Father warns other parents to beware of online gaming predators

Father warns other parents to beware of online gaming predators

Danger is everywhere, even online. A recent post by a concerned father whose son almost fell victim to Minecraft predators shares his experience to warn other parents.

Most kids these days are hooked on online gaming. Though it's healthy to allow them to enjoy these games which allow them to practice critical thinking and self-expression, there is also a danger to this.

Minecraft, one of the most popular games, has a voice chat feature. This feature allows kids to chat with other players from all over the world. But what if these other players aren't really kids?

An alarming post has been making the rounds on social media. Ian Custodio shared a scary experience he had while his son, Clark, was beside him playing Minecraft. He overheard his son chatting with someone who sounded like he was a grown man. The man then started asking Ian's son personal details such as what his parents did for work and where he lived.

When the man (who sounded like he was not alone) realised that the boy's father was beside him, they quickly logged off.

It's a good thing that he was there to protect his son. But what about the countless other unsupervised kids hooked on the same game?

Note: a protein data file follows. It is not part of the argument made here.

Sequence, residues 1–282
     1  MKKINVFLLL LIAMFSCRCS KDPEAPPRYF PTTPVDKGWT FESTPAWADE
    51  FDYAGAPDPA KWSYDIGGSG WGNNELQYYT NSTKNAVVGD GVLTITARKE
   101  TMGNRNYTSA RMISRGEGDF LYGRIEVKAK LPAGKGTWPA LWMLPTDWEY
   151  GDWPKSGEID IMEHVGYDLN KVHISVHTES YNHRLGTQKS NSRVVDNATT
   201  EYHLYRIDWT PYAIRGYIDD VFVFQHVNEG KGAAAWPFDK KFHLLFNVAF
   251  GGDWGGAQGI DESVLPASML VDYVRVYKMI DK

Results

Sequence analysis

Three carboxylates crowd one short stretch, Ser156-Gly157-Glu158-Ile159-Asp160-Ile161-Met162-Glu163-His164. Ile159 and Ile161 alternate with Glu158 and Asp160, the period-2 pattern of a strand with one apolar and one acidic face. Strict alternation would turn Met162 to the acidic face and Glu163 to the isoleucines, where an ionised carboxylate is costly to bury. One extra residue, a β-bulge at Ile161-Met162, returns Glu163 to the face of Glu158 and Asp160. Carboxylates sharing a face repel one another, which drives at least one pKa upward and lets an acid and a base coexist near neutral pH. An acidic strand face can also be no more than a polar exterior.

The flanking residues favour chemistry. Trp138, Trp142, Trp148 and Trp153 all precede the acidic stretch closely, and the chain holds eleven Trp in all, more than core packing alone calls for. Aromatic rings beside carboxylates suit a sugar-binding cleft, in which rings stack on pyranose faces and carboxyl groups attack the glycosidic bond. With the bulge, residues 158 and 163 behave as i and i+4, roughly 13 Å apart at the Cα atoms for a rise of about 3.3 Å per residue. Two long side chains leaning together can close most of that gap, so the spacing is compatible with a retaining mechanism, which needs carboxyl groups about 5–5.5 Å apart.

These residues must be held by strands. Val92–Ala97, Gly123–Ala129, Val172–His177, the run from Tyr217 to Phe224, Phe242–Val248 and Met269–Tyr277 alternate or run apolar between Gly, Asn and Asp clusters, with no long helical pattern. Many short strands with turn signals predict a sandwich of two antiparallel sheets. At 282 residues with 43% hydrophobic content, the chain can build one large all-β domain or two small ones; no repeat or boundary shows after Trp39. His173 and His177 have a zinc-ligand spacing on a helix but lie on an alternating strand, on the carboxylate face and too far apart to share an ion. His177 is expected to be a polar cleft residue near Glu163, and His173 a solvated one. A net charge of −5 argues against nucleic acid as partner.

Let's help spread the word about this.

You can read the post from October 13, 2015 here:

 

This post has been shared all over social media

 

Click 'Next' to know how to protect your kids

Here are three simple tips on how to keep your child from online gaming predators.

Have a talk with them.

Let them know that there are bad people in the world who pretend to be good people online. Reassure them you will protect them and don't scare them. But make sure they understand that it is a serious matter.

Make gaming time family time.

By sitting beside them as they play games, you can not only protect and guide them but you can also show them that you care for them and what they're passionate about.

Warn yaya and other relatives.

If you have to leave them unsupervised, make sure their yaya or your relatives with whom you'll leave them know that such a possibility of online scams and other dangers exist so they can be as vigilant as you are.

Do you know any other safety tips which might help other parents?

If you have any insights, questions or comments regarding the topic, please share them in our Comment box below. Like us on Facebook and follow us on Google+ to stay up-to-date on the latest from theAsianparent.com Philippines!

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Sinulat ni

Bianchi Mendoza

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